This gent was suave and debonair. “World’s Most Interesting Man.” Just who was he, you ask? Why none other than Mr. Chuck Stewart- a ten year old boy who happens to be one of my former D.A.R.E. students.

D.A.R.E. or Drug Abuse Resistance Education was an intensive 15 week program that taught fifth grade students how to recognize and resist the pressures to use drugs and join gangs. During the 16 years I taught the program, I had the pleasure of meeting some real characters in the classroom and had many, many laughs along the way.

A lot of elementary and middle schools currently promote “Character Counts,” a program which among other things, rewards students for being trustworthy, responsible and respectful. Characters, or people with that certain personality or pizzazz, make the world a fun place and provide laughs. Mr. Chuck Stewart, as he liked to be addressed, was definitely one of the biggest characters!

Although the incident occurred in the mid 1990’s, it seems like only yesterday. On that particular day, Chuck, who was usually joking around and being a general distraction, appeared to be preoccupied and unusually quiet. Class had just begun and I was writing on the chalkboard when I was startled by a very loud blast.

Growing up in a house with five boys, it became readily apparent that someone had passed gas. In fact, the sound was so powerful it caused me to drop the chalk as I was writing.

Slowly and deliberately, I turned around to face the students with an angry expression on my face. I then observed a quiet, wide-eyed Mr Chuck Stewart sitting very rigidly in his front row chair, staring straight ahead. Because of his “Character” status he was assigned a front row seat.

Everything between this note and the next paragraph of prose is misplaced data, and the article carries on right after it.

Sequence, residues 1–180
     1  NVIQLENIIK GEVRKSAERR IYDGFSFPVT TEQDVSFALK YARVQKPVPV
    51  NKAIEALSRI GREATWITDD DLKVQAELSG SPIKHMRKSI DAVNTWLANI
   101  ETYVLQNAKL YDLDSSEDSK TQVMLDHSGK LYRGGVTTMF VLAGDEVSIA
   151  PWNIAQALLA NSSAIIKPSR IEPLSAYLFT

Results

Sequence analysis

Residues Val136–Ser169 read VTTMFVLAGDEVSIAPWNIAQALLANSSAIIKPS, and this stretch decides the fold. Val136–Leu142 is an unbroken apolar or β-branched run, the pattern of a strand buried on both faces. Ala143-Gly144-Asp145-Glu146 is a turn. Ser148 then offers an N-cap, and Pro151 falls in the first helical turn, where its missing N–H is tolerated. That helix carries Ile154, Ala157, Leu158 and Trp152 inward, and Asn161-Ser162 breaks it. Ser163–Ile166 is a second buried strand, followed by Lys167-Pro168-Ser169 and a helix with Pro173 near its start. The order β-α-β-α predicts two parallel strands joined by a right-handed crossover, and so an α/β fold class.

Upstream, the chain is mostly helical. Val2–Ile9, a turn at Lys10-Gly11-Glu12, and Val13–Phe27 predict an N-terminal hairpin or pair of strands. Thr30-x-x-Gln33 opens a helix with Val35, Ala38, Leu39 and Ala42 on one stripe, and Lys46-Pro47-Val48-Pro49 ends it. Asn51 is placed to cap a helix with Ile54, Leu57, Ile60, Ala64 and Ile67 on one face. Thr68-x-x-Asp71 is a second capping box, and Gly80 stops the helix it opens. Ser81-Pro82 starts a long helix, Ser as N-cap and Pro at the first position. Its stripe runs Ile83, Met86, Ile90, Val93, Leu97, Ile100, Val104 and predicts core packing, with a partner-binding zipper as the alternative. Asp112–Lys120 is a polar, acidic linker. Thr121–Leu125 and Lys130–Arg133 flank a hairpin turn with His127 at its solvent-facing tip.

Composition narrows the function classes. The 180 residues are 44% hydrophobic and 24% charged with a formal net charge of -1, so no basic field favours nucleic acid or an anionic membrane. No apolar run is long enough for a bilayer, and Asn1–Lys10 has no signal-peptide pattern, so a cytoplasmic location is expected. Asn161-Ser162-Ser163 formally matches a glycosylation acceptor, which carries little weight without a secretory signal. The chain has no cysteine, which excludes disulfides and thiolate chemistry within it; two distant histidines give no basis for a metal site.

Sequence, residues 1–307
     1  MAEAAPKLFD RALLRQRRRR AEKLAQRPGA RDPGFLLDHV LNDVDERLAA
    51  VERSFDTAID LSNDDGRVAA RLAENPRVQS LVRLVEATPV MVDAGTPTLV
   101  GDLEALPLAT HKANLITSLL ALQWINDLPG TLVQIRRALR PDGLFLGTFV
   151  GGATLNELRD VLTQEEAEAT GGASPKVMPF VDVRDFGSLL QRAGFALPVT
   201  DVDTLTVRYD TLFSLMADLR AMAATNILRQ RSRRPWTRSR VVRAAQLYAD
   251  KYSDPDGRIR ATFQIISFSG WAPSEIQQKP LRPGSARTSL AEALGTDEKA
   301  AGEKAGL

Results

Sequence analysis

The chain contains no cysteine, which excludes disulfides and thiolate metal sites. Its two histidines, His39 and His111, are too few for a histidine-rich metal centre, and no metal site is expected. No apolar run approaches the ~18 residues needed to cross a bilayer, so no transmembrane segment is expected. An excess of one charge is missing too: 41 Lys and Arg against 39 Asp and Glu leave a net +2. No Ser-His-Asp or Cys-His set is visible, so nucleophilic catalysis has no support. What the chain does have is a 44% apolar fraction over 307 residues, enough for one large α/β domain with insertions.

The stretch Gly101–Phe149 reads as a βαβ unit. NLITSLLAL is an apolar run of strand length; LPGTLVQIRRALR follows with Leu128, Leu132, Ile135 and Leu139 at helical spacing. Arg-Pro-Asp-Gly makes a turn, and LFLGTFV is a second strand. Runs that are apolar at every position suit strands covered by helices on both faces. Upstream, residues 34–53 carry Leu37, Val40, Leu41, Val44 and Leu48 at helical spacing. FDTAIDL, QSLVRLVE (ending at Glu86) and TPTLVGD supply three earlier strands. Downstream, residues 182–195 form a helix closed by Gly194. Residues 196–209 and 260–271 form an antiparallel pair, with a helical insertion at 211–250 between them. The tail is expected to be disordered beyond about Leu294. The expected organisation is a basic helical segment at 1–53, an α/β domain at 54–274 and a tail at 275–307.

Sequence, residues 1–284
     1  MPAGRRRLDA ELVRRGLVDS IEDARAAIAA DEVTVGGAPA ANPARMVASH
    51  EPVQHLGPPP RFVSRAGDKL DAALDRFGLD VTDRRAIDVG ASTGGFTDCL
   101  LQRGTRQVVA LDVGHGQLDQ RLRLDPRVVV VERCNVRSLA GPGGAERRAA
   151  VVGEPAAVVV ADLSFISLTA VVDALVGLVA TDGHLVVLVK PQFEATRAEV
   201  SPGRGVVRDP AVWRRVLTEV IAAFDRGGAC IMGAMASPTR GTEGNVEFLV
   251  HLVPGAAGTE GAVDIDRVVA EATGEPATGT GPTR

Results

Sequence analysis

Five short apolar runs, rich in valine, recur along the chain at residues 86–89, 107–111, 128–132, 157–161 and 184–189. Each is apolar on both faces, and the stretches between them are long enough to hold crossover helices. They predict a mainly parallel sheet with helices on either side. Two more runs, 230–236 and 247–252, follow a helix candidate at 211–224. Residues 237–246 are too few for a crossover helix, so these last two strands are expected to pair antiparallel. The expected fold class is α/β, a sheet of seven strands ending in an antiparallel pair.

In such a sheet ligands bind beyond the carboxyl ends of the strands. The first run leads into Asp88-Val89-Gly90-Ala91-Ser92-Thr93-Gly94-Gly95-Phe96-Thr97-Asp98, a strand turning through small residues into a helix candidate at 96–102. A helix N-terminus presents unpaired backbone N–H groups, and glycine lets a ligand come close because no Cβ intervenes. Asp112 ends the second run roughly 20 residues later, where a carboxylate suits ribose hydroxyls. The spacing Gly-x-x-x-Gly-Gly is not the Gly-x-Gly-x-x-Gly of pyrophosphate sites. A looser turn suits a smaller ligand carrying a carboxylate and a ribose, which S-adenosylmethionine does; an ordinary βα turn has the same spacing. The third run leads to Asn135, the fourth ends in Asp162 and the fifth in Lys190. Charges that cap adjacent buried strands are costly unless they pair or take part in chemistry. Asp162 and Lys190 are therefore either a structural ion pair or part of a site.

Judging by Chuck’s body language, it wasn’t too difficult to figure out who the culprit was. Chuck’s classmates flanked him on both sides. With their squinting eyes and crinkled up noses, it was obvious the pungent aroma had just arrived.

Both students were too overwhelmed by the odor to snitch on him in direct contrast was the rest of the class sitting at their desks behind him. They were more than happy to give Chuck up as they all held their noses and pointed directly at his back. The classroom fell silent as they waited for my reaction.

Tick tock, tick tock, tick tock. I scanned the class and borrowing a line from Rodney Dangerfield’s “Caddyshack” movie-”Did someone step on a duck!?” The students burst into laughter. Chuck then breathed a huge sigh of relief. He looked relieved, both literally and figuratively speaking. It took at least ten minutes to regain control of the classroom. So much for my authority!

After class, I was in the office visiting with the Principal when I saw Chuck sitting in the nurse’s office. He was bent over holding his stomach and appeared to be in extreme pain.

I asked Chuck if he was alright. Through clinched teeth and labored breathing he said “ No Officer Popp, I had some Lucky Charms for breakfast.” I said “Chuck, aren’t they supposed to be magically delicious?” He said “ Not if you’re lactose intolerant and put milk on them!”

During the past 15 years, I’ve run into a grown up Mr. Chuck Stewart, on a number of occasions. Upon recognizing me, Chuck smiles and starts shaking his head in anticipation of a question he knows is coming.

I immediately say, “Hello my old friend Mr. Chuck Stewart, I got just one question for you.

“What’s that Officer Popp?”